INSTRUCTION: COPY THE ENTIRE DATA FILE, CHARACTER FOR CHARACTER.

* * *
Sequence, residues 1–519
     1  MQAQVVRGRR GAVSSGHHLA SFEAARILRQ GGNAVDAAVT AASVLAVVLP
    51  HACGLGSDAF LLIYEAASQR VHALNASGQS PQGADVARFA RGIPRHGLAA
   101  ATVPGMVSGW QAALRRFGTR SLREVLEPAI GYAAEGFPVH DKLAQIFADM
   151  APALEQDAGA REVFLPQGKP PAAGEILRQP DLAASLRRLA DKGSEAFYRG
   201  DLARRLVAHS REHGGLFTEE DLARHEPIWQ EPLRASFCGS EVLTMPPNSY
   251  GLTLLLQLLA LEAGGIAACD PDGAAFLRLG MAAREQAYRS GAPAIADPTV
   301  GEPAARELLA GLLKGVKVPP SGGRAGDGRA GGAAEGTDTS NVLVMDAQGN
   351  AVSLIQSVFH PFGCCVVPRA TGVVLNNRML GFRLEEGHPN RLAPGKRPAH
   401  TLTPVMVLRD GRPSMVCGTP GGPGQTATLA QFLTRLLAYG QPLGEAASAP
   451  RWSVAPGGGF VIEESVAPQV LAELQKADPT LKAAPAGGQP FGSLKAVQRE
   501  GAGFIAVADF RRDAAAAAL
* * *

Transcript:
Sequence, residues 1–519
     1  MQAQVVRGRR GAVSSGHHLA SFEAARILRQ GGNAVDAAVT AASVLAVVLP
    51  HACGLGSDAF LLIYEAASQR VHALNASGQS PQGADVARFA RGIPRHGLAA
   101  ATVPGMVSGW QAALRRFGTR SLREVLEPAI GYAAEGFPVH DKLAQIFADM
   151  APALEQDAGA REVFLPQGKP PAAGEILRQP DLAASLRRLA DKGSEAFYRG
   201  DLARRLVAHS REHGGLFTEE DLARHEPIWQ EPLRASFCGS EVLTMPPNSY
   251  GLTLLLQLLA LEAGGIAACD PDGAAFLRLG MAAREQAYRS GAPAIADPTV
   301  GEPAARELLA GLLKGVKVPP SGGRAGDGRA GGAAEGTDTS NVLVMDAQGN
   351  AVSLIQSVFH PFGCCVVPRA TGVVLNNRML GFRLEEGHPN RLAPGKRPAH
   401  TLTPVMVLRD GRPSMVCGTP GGPGQTATLA QFLTRLLAYG QPLGEAASAP
   451  RWSVAPGGGF VIEESVAPQV LAELQKADPT LKAAPAGGQP FGSLKAVQRE
   501  GAGFIAVADF RRDAAAAAL